Sri Lanka is one of the economic partners of China for several decades. Sri Lanka’s strategic position in the middle of the maritime Silk Road offers the opportunity of promoting the country as a trading hub in the Indian Ocean. It is with this view that the Government has pledged to support China’s OBOR initiative.
Sri Lanka’s relations with its second largest trading partner, China, have been improving over the years. Linked closely with the OBOR initiative, China has invested in developing Sri Lanka’s infrastructure and has emerged as one of Sri Lanka’s top 5 investors. Latching on to the OBOR initiative could further improve trade and investment linkages with China and other OBOR partner countries including East Asia and Europe.
However, there is still very little awareness of the initiative in Sri Lanka. So far, the country’s experience with OBOR has been strongly linked to infrastructure connectivity, with less emphasis given to other priority areas of cooperation. Though OBOR appears to be promising, the lack of a detailed plan makes it difficult to capitalize on the initiative fully and assess its long-term benefits and implications for the country. Going forward, Sri Lanka will benefit from greater information on the OBOR to determine how best the initiative can be translated into concrete outcomes for the country in the years to come.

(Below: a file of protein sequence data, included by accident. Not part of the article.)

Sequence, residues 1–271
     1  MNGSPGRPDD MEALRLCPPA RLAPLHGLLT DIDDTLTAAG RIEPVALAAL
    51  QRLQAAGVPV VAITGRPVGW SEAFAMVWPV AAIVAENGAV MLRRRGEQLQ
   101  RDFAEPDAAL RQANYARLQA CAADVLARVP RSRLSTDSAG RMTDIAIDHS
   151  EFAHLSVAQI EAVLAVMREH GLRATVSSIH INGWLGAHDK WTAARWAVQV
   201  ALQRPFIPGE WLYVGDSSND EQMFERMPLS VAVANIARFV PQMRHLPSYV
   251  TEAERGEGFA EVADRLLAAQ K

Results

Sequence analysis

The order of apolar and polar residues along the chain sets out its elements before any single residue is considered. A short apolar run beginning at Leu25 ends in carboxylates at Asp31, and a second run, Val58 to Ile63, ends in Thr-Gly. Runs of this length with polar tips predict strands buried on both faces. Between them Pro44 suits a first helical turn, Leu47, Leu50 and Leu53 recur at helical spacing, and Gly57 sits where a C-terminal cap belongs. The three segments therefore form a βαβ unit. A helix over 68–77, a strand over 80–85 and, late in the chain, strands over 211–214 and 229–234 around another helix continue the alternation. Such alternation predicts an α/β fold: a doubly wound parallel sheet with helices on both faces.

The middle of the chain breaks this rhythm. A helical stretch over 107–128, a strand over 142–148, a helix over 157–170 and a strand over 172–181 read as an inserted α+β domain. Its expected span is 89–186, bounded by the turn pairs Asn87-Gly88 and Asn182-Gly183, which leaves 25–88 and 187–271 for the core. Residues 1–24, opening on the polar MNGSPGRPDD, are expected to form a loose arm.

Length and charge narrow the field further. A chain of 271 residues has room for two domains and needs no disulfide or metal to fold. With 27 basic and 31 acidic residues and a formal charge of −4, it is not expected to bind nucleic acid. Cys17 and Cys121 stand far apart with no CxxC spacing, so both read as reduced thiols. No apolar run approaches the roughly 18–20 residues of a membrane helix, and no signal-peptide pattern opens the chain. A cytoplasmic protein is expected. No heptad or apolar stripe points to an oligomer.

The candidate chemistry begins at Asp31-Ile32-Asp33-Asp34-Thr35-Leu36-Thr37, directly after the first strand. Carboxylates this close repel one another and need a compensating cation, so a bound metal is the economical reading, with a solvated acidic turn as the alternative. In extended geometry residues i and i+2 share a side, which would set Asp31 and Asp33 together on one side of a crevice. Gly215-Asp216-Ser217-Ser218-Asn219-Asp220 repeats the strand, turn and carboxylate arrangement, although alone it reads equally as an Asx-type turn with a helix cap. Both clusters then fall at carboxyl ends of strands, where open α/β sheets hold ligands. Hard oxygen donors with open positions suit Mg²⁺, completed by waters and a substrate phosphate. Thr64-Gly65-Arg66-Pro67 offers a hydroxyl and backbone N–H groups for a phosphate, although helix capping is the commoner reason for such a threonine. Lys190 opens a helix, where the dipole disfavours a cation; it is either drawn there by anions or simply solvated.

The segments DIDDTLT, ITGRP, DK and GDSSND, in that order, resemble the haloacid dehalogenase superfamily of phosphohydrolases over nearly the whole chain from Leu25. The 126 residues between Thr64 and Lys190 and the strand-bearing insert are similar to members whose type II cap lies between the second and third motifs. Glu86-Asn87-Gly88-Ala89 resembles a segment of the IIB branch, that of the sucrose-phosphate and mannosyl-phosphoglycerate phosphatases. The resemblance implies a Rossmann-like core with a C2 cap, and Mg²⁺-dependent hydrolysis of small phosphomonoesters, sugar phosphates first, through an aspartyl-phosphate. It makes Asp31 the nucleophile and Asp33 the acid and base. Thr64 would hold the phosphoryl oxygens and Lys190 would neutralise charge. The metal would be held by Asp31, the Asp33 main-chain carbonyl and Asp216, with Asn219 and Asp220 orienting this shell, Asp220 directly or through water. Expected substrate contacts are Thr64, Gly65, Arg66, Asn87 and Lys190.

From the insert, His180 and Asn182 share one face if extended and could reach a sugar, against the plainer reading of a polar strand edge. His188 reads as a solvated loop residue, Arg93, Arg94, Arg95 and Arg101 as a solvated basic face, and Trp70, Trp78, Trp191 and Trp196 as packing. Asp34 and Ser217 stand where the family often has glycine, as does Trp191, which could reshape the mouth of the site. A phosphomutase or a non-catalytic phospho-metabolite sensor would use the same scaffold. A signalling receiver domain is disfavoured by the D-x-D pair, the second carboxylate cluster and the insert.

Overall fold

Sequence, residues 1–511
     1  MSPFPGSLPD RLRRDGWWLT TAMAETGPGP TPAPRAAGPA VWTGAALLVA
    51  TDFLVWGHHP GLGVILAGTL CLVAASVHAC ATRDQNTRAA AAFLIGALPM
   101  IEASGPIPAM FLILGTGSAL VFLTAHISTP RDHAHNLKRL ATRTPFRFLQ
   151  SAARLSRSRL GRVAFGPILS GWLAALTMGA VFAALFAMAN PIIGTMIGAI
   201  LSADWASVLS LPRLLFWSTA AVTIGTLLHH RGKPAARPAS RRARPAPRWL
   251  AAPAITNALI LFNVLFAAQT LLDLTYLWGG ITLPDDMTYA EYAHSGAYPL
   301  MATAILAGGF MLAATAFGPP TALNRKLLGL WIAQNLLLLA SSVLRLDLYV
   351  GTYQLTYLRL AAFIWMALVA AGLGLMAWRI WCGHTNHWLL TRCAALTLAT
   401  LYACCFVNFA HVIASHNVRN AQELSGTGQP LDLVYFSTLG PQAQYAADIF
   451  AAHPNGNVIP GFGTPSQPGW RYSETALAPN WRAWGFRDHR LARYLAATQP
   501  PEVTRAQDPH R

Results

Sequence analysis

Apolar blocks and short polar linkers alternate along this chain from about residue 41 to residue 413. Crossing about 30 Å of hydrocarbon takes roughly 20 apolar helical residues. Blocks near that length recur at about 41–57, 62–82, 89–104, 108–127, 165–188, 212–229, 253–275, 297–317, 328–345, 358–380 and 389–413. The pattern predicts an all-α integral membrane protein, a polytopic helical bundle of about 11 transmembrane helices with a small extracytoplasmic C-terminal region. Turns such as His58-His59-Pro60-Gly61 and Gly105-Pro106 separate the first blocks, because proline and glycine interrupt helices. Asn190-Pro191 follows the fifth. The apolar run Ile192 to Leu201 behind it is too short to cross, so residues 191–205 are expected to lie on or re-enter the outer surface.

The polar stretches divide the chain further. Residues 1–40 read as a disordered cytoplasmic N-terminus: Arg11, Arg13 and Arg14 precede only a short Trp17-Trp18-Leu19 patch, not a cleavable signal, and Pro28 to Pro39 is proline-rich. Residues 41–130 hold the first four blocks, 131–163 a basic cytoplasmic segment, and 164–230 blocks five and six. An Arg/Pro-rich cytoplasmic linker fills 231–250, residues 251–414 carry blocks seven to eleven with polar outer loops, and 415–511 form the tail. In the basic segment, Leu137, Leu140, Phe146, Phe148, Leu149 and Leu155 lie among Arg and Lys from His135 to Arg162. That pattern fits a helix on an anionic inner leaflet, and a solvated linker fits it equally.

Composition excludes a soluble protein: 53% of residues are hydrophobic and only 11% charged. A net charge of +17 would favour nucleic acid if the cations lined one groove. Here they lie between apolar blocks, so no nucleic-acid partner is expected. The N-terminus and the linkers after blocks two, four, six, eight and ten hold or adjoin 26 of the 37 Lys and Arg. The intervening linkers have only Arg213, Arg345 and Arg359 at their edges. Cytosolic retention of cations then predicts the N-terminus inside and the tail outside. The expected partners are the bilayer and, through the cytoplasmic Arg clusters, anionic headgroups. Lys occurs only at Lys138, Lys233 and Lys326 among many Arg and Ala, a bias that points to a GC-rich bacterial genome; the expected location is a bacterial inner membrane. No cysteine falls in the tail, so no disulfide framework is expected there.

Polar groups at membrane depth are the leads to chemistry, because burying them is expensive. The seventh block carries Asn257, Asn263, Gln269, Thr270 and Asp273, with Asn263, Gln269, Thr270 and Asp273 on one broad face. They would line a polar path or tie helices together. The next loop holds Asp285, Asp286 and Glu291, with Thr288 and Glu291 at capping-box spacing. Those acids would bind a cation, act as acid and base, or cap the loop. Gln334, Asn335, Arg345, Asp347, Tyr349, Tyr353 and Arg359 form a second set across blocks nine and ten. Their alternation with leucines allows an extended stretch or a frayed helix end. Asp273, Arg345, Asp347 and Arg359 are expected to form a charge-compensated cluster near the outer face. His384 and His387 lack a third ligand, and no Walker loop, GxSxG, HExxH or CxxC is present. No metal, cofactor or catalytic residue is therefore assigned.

According to the Chinese Foreign Affairs Ministry, there are two mega projects which come under the direct initiatives of OBOR in Sri Lanka: Port city project and Hambantota harbor. Although, there are some critics about these two projects at the domestic level, these two can make a huge change in Sri Lanka’s economy in the future. One should bear in minds that rather keep criticizing the Chinese government it is better to get the most out of this OBOR initiative.
Finally OBOR is one of the great economic plans where many countries have committed to work together with the Chinese government. Since China is the largest donor to Sri Lanka, it is better to use China as much as it can for the sake of economic development and the betterment.
Dr. Mohamed Shareef Asees (Lecturer), University of Colombo, Sri Lanka